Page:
Call for Leaders | Sergiu Zaharia (Huawei): 5G security standards are already in place

Aurel Constantin 17/07/2020 | 16:22

Cyber security has become very important to everybody in recent years thanks to IT departments and telecommunication specialists, who had been asking for better security measures for a long time. “I could say that we are the victims of our own success,” said Sergiu Zaharia, Chief Security Officer at Huawei, during a new Call for Leaders video conference hosted by Business Review.

 

Missed the live stream? WatchCall4Leaders Video Talks #3 | Cyber security and 5G regulations | Powered by Huawei here.

 

”10 or 15 years ago, the message from IT security departments was that security should be on the management’s agenda. Now it is on their agenda. And, of course, there is also a boomerang effect, since now there is a lot of pressure on IT security teams,” Zaharia noted.

But this change is normal, as all business processes need to be secured. “Security has migrated from the IT and network area to the business resilience area. We have all managed to get to the same message about the importance of security, and not just in the private sector, but also in public institutions. There is obviously a lot of work to do, with tasks coming directly from management,” he added.

4G technology benefitted from the work of researchers and specialists who tried to discover its vulnerabilities, including people in the defence sector, who looked for solutions to every security issue. But 4G came with good security features compared to previous versions. Now, 5G comes with even more security, with a standard level of security. “When we talk about 5G, we don’t think about today’s attacks, but about future attacks. The encryption algorithms implemented in 4G were on 128 bits. Today, the quantum computers that will soon appear will reduce the scope of a 128-bit cryptographic system to a 64-bit one. A 64-bit crypto can be broken very quickly now. That is why one of the measures was to increase to a standard of 256 bits, so that when quantum systems appear, it will still be secure,” Sergiu Zaharia explained.

Huawei’s Chief Security Officer highlights the fact that there are some issues with asymmetric security systems, identification through third-party devices, but those issues are not specific to 5G technology. “5G has already thought about implementation and enough measures have already been developed to protect communications, which are the standard for the entire industry. The problem occurs in vertical industries; there we each must come up with specific solutions. There will be a lot of work to adapt solutions to industries such as healthcare,” he noted.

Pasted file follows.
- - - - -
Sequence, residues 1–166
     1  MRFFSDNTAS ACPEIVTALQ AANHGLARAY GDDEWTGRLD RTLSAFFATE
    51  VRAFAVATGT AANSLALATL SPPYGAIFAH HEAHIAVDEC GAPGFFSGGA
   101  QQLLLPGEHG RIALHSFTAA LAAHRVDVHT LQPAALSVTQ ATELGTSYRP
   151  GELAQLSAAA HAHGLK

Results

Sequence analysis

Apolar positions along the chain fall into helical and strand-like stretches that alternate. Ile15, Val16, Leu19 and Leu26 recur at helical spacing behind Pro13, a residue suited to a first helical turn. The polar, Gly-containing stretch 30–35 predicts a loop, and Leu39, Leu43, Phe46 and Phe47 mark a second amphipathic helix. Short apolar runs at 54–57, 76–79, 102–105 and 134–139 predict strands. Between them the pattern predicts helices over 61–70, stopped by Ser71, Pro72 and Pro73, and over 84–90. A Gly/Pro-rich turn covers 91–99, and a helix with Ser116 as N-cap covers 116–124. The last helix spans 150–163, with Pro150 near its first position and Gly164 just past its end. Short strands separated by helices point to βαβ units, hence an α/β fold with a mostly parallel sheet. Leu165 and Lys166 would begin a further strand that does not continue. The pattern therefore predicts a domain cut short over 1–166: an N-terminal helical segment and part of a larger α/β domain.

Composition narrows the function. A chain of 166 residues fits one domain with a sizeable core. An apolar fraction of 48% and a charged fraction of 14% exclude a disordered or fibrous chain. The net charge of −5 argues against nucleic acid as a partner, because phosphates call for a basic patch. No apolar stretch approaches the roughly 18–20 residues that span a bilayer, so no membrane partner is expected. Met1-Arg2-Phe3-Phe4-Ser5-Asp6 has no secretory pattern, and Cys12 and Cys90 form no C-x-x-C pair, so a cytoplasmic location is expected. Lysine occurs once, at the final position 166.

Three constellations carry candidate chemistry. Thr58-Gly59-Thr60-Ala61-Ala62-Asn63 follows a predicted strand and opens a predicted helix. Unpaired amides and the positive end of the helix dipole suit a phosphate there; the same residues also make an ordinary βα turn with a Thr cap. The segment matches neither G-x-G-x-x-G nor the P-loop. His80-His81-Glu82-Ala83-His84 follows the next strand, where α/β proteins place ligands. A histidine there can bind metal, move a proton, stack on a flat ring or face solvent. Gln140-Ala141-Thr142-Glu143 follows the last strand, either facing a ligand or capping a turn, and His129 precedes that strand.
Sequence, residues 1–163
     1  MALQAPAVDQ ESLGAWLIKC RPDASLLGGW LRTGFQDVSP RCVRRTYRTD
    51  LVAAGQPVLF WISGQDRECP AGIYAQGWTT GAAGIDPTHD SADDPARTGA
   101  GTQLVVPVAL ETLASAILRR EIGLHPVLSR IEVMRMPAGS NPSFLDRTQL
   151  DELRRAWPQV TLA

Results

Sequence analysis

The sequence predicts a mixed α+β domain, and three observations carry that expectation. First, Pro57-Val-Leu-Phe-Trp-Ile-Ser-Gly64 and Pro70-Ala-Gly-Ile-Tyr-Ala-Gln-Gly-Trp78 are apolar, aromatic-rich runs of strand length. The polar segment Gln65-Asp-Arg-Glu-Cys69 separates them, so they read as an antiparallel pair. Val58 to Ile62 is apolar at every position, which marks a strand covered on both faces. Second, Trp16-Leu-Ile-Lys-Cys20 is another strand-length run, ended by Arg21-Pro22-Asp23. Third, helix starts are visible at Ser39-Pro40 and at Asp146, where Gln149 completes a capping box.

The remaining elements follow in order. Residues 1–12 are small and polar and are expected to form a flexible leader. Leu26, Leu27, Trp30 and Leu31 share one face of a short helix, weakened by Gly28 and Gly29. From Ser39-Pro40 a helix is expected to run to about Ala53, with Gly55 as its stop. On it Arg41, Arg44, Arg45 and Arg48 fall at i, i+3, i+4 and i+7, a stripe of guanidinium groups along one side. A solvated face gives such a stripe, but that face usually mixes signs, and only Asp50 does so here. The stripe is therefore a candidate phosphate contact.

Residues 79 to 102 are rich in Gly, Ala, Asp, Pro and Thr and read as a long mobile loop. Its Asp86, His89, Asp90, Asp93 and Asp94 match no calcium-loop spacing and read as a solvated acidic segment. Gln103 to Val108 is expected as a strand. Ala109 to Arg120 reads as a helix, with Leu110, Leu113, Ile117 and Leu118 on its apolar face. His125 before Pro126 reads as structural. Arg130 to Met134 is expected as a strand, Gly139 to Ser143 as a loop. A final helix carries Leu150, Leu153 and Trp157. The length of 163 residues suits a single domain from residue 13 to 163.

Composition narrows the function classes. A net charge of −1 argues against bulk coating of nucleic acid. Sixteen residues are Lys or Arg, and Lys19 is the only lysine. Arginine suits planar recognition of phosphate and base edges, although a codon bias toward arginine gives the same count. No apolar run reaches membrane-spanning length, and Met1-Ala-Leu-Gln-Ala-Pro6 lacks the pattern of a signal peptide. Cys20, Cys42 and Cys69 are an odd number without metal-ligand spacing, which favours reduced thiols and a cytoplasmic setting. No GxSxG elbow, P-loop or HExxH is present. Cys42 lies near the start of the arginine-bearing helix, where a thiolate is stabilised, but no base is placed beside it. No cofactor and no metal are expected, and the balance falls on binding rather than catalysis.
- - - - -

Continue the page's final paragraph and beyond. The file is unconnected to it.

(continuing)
“From very small systems like the ones we have at home (phones, TVs, etc.) to complex systems like  connected car infrastructures, which Germany is looking to implement, they all have vulnerabilities that need to be addressed. Maybe I’m less interested in the home, but if I’m managing a military system, I have to ensure maximum security. If we talk about connected cars, we first have the car’s own system, then the system that allows the car to connect to streets and cities, then the cloud system through which it works,” the Huawei official added.

All these systems must follow technical standards at the product level to meet safety requirements, and then an industry standard will be required. “For example, in the connected car there are standards for each part of the car. It’s all based on the concept of zero trust, meaning I don’t need to trust the security of a light bulb or another car part that connects to the cloud. Products must have their own security and communication to any other device must be encrypted. Standards and solutions exist, now all we need is implementation,” said Zaharia.

There are also security solutions for the “technologies of the future”, like AI, cloud, virtual reality, augmented reality. “Even in the machine learning area, there has been research that showed that you can build a system using a malicious “teacher” or tamper with the programme database so that it works incorrectly. There are protection solutions for these systems as well. There will certainly be new things to implement, but mixed teams of specialists from each field will be needed to find effective solutions,” he argued.

“Unfortunately, there will always be attacks; a new type of attack appears every week, and specialists must keep up with new threats,” Zaharia concluded.

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